It is students' responsibility to be familiar with the electronic submission process (e.g., the use of MOODLE and URKUND). Students
are reminded to ensure they plan well enabling adequate time to submit assessments prior to the deadline, in order to avoid a mark
Extensions: Extensions must be applied for before the due date.
Students can apply for an extension to the due date for submission of an assessment item on the grounds of illness or other
unavoidable and verifiable personal circumstances. Documentary evidence will be expected in order that an extension be granted.
It should be noted that such documentation will be considered but will not guarantee that the application will be successful. The Unit
Convenor will decide whether to grant an extension and the length of the extension.
Responsibility for understanding
If there is any doubt with regard to the requirements of any particular assignments or assessment procedure, the onus for clarifying
the issue rests with the student who should contact the unit Convener or tutor. Further, it is the responsibility of students to ensure
that they are correctly enrolled in the unit and that the tutor and Student Administration have their correct contact details.
Special assessment requirements
Student Journal, Laboratory Supervisors Report, and Presentation may be submitted as a joint submission with Diagnostic Pathology Professional Practice 1 PG 10185.
To be able to Pass this unit you need to actively attend all the assigned lab sessions at the pathology lab and pass the following assessment items as per their published rubrics or guidelines:
- Assignmetns (x2)
- Student Journal
- Laboratory Supervisor's Assessment Checklist
Regular and active participation in activities at the relevant pathology laboratory/ies and effective involvement in professional trainings under the supervision and guidance of the local supervisors is necessary for the completion of this unit. Your participation in online activities will enhance your understanding of the unit content and therefore the quality of your assessment responses. Lack of participation may result in your inability to pass the unit.
Required IT skills
Student should be conversant with searching for and accessing information via electronic means and the use of Canvas, word processing, spreadsheet, and presentation software. Student should also have reliable internet access.
Self printing of electronically provided material
Access to a computer and internet service
Work placement, internships or practicums
As part of this unit, students are required to undertake professional placement. Students must complete their preplacement requirements before being able to undertake professional placement. Pre-placement requirements are to be uploaded to InPlace. After these requirements are completed and uploaded to InPlace and verified, students will be allocated to their
Professional Placements as required by their course of study. Pre-placement requirements are located at:
www.canberra.edu.au/placement . Further information can be found in the WIL guidelines http://www.canberra.edu.au/currentstudents/canberra-students/workintegratedlearning/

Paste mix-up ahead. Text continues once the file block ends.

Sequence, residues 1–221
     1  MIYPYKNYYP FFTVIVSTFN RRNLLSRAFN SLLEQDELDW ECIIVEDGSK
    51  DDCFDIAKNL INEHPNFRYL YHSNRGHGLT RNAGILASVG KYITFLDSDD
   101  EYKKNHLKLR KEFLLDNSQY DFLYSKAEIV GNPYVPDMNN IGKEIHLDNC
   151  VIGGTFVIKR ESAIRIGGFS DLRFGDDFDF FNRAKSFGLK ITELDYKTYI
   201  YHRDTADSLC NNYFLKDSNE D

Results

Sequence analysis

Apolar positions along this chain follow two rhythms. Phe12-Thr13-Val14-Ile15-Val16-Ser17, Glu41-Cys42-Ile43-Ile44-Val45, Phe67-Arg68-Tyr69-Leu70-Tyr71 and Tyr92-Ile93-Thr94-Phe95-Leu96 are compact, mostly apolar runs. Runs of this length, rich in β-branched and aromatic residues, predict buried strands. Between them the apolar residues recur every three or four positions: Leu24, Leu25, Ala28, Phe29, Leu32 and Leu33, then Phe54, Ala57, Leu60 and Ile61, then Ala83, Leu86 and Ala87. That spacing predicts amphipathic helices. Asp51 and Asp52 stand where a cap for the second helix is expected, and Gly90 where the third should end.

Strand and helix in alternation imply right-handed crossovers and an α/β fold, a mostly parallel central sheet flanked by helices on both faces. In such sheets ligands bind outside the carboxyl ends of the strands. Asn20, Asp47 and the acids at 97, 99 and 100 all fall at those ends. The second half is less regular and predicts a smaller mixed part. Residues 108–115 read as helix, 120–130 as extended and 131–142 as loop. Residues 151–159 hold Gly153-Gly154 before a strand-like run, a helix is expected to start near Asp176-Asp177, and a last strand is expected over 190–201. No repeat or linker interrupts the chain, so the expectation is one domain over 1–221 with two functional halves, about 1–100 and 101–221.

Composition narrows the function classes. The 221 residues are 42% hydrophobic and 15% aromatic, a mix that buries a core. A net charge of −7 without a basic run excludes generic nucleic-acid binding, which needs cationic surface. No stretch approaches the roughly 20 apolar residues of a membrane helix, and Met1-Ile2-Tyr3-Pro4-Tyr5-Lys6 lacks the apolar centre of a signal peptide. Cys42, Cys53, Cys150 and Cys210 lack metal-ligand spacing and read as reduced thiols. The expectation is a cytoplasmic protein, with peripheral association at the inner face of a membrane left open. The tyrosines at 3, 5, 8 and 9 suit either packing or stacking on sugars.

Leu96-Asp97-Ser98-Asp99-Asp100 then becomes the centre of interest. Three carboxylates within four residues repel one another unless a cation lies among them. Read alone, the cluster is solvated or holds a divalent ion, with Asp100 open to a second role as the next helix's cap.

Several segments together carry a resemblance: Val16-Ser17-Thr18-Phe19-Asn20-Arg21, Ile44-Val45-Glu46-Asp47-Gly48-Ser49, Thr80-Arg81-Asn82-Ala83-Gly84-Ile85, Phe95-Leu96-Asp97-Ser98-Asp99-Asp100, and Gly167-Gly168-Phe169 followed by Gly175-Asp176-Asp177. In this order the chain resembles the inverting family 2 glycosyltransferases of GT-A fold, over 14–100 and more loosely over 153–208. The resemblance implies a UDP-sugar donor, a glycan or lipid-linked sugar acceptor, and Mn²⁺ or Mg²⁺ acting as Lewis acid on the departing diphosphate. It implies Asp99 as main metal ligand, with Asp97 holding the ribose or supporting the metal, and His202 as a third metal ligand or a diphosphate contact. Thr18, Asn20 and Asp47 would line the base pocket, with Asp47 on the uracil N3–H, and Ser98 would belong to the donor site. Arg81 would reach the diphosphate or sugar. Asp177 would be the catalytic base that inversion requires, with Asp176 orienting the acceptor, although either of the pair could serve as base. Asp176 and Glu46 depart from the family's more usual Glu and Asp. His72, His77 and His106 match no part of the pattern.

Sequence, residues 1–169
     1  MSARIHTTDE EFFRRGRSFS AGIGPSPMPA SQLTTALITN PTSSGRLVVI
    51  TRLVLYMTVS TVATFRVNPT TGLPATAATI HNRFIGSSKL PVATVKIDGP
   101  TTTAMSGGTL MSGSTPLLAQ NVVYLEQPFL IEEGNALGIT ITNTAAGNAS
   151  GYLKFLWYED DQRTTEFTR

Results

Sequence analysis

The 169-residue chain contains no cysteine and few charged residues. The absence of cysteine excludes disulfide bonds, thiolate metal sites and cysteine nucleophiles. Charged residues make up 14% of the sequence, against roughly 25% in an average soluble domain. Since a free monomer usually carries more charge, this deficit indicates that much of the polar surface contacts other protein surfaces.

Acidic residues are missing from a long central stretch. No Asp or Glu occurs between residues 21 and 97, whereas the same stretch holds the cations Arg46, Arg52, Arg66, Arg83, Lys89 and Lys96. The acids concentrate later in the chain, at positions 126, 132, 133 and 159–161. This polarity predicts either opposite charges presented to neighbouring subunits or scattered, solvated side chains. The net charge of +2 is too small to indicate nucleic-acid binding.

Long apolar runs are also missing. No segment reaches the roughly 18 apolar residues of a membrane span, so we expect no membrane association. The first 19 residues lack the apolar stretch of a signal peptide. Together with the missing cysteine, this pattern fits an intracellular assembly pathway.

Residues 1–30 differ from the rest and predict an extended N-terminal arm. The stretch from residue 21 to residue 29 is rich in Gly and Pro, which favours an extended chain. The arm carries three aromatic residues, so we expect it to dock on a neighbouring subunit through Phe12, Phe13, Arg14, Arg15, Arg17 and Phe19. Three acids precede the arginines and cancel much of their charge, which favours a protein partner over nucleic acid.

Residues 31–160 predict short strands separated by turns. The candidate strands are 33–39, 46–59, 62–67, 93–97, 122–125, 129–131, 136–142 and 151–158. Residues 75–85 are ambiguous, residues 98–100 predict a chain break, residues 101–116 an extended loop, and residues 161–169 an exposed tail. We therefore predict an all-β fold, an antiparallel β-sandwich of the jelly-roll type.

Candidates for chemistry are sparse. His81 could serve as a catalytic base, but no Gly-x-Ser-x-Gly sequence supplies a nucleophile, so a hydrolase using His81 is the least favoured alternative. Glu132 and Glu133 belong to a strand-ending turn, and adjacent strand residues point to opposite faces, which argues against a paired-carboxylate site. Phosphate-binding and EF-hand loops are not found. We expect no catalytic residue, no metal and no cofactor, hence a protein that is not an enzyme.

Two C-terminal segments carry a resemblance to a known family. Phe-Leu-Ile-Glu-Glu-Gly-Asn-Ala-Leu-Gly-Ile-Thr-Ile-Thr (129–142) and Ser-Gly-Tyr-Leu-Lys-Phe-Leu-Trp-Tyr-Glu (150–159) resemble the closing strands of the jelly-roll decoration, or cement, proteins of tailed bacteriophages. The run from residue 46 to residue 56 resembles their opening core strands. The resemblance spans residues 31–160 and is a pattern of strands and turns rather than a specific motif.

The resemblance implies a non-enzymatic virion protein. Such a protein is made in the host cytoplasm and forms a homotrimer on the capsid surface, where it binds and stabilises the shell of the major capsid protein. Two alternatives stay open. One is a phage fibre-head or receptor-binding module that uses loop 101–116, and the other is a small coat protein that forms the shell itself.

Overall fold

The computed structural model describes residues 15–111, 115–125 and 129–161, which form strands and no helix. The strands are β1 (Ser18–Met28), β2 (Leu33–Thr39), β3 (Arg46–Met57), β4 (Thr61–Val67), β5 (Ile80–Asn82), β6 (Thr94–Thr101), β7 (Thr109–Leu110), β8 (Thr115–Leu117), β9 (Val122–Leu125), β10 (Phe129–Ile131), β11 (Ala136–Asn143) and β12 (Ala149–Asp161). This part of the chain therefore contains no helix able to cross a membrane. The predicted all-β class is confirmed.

Student who have not met preplacement requirements by a specific date, assigned by the Placement Office or Unit Convenor, will not be allocated a placement and this will result in a fail grade for the unit.
Privacy and Confidentiality
As part of its partnership arrangements with Health Agencies, the Faculty of Health at the University of Canberra is aware of the
issue of confidentiality of information gained from clinical placements and externships. Students are expected to analyse their experiences from these as part of their academic study. In order to support learning while protecting confidentiality of information,
the following guidelines have been developed:
1. Pseudonyms should be used for the names of patients and organisations in all academic work.
2. Identifying information, including demographic information, should be modified in academic work, using terminology such as
3. Students should mark all academic work with sensitive information as ‘in confidence' in the footer.
4. Students should develop ‘composite' patients/clients based upon their experiences with several patients or clients in one clinical
experience if possible. Students should note that this is a ‘composite' and not intended to identify a single person.
5. Students should use the password protect function on their word processing programs to further guard sensitive information.
6. Students should avoid naming other students in academic work, such as reflective pieces or portfolios.
7. Students should attend workshops for health science students on how to change information about patients in line with these
For further information students may visit http://www.privacy.gov.au/act/#health
Unless otherwise approved (in writing), all written assessment pieces (formative and summative) must conform to the following
Headings in bold, maximum font size 16 pt.
Font size: 11 pt – Times New Roman, Arial or Calibri. Margins no less than 1.5cm on all sides.
Page number at bottom right hand corner of footer.
Student identification number (number only) at top right hand corner of header.
References given in NLM/Vancouver style (chronological numeric) ONLY. Information on this referencing styles can be found on the
library website at http://www.canberra.edu.au/library/research gateway/research_help/referencing guides
Privacy statements if required (see Section 6g of the Unit Outline). Assignment requirements (first page) as per Section 5c above.
Any word limits specified in assignments (in this Unit Outline or in task descriptions on Moodle) will INCLUDE all tables, figures and
appendices, but EXCLUDE references (unless otherwise stated).
Submissions which exceed the specified word (or page) length will be truncated at the word (or page) limit and only
assessed to this point.